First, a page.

Whose burden?

Much of the world’s carbon sits on or underneath indigenous territories. According to the broad coalition of indigenous peoples gathered at COP21, all of humanity must recognize that indigenous guardianship of this natural carbon storage is critical to survival.

When it comes to climate change, indigenous leaders expressed that they feel as though they are “carrying the burden” of saving the planet.

A number of the Canadian indigenous leaders speaking at the Indigenous Pavilion live in areas of heavy fossil-fuel development such as Alberta’s oil sands and British Columbia’s northern gas-fracked regions.

These regions are home to the carbon-storing forests of Canada’s boreal, which form a larger carbon-sink than the Amazon. 

While scientists widely understand that 75 percent of fossil fuel reserves must stay in the ground in order to mitigate irreversible climate disruption, Saskatchewan’s Premier Brad Wall has proposed carbon capturing the province’s coal emissions as its contribution to COP21. On the first day of the Paris climate talks, Port Metro Vancouver issued its second approval for a coal port set to load and ship dirty U.S. thermal coal for export to Asia. Coal is the world’s worst fossil fuel-emissions offender.  

Reasons to be hopeful

In the afternoon session of the North American region day, there was reason to celebrate. While acknowledging the frustrating and seemingly endless assault on their basic rights, the leaders expressed empowerment from their various litigation and actions so far.

Chief Erasmus described the creation of the Mother Earth Accord, developed at the Rosebud Sioux Tribe Emergency Summit of 2011, through the unity of treaty councils, landowners and chiefs on both sides of the border, against the infringement of treaty rights and lack of consultation. Over 20 Canadian and U.S. indigenous groups, as well as private citizens, environmental NGOs and political parties have endorsed it.

Two young Canadian leaders described their legal wins in Canada’s hotbed for resource extraction and land and treaty rights infractions: Alberta's oil sands. Alberta is responsible for 30 percent of Canada’s GHG emissions, 23 percent of which comes from the oil sands.

The money behind the four major corporations profiting off the bitumen embedded in the Athabasca basin parallel nation-state economies. Though this makes for a goliath of an opponent, indigenous communities are winning in court cases launched against rights-infringing projects, Eriel Deranger of the Athabasca Chipewyan First Nation, Alberta explained.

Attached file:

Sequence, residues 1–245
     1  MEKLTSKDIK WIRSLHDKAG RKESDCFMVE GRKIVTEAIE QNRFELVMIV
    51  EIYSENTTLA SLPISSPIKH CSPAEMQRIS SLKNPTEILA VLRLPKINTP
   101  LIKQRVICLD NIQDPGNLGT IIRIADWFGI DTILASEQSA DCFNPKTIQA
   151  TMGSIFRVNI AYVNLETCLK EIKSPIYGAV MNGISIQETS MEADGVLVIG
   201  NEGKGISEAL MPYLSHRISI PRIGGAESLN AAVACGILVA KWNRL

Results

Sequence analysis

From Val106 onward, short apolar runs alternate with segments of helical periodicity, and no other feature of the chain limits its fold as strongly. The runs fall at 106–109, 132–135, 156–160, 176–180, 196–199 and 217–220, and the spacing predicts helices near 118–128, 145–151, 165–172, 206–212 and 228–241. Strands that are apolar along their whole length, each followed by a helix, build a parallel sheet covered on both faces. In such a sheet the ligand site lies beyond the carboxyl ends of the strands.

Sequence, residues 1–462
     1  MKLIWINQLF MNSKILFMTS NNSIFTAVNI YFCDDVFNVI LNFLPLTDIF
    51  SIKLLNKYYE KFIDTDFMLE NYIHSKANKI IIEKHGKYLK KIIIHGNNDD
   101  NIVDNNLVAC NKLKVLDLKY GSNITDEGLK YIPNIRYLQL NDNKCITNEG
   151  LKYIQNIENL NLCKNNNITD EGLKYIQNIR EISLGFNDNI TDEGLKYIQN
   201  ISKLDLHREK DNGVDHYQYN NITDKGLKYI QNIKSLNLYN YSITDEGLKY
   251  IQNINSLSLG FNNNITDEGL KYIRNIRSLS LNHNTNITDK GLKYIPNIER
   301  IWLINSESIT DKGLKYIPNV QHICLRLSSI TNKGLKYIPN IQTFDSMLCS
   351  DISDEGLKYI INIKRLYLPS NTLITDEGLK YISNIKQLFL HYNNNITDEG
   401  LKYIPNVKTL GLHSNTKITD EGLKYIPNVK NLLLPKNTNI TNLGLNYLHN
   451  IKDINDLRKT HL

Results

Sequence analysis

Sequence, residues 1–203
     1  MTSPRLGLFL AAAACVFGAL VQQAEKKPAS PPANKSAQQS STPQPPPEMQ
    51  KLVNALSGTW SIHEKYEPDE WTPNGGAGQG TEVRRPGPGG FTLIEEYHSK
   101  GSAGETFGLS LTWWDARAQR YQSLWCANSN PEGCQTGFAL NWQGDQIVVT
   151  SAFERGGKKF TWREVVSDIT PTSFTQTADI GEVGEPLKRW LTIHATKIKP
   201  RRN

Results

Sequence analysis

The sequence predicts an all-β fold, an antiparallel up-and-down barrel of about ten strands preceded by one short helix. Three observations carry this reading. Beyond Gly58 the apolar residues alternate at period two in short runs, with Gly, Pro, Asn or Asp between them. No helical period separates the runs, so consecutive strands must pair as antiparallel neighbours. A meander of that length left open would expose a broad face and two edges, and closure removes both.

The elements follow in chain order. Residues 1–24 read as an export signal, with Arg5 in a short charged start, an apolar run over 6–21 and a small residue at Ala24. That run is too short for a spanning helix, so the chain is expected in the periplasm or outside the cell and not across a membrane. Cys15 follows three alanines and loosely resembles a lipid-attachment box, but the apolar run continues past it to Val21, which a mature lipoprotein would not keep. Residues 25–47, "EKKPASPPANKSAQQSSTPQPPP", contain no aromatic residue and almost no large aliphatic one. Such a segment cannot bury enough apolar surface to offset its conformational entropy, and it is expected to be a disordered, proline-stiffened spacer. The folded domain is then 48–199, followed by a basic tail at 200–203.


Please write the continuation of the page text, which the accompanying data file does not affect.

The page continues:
Crystal Lameman of the Beaver Lake Cree explained how their nation was the first to be granted trial on the cumulative impacts of oil extraction, such as water depletion, toxicity and caribou extinction, and is now in preparation for a trial in relation to over 21,000 violations of treaty rights.

There are further signs of hope: Prime Minister Trudeau announced on Monday that Canada will push for indigenous rights to be inserted into the body of the negotiating text.

Peaceful actions such as the Kayaktivists of Indigenous Rising’s all-indigenous flotilla down the Seine River last Sunday received widespread attention from the public, the press and social media through #canoes2paris. Though they may be excluded from formal COP negotiations, indigenous leaders are as creative as ever in voicing demands for land and human rights and in protesting against the continued pressure from some states to cut indigenous rights from the COP21 text.

 The theme running through all indigenous North Americans’ stories is the collective amnesia of humanity’s symbiotic relationship to the earth and to each other. Just as a tree is elemental carbon that offers oxygen to humans in exchange for carbon dioxide, so too is a treaty a relationship, Rochelle Diver of the Fond du Lac Band of Lake Superior Chippewa, explained. Healing the relationship to earth heals the relationship with each other.

Though still far from reaching their human rights demands, the leaders at the Indigenous Pavilion are walking the walk, demonstrating through their own actions what healed relations can generate.